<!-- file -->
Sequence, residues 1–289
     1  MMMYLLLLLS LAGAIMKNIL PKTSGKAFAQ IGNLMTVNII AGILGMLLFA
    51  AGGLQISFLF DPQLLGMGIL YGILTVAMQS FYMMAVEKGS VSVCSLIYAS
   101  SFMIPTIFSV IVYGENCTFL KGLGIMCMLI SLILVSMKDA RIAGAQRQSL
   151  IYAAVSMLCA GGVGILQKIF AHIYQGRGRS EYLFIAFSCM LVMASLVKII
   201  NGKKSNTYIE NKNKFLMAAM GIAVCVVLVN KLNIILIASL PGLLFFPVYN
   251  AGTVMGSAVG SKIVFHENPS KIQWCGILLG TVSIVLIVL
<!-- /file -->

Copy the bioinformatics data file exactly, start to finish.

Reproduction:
Sequence, residues 1–289
     1  MMMYLLLLLS LAGAIMKNIL PKTSGKAFAQ IGNLMTVNII AGILGMLLFA
    51  AGGLQISFLF DPQLLGMGIL YGILTVAMQS FYMMAVEKGS VSVCSLIYAS
   101  SFMIPTIFSV IVYGENCTFL KGLGIMCMLI SLILVSMKDA RIAGAQRQSL
   151  IYAAVSMLCA GGVGILQKIF AHIYQGRGRS EYLFIAFSCM LVMASLVKII
   201  NGKKSNTYIE NKNKFLMAAM GIAVCVVLVN KLNIILIASL PGLLFFPVYN
   251  AGTVMGSAVG SKIVFHENPS KIQWCGILLG TVSIVLIVL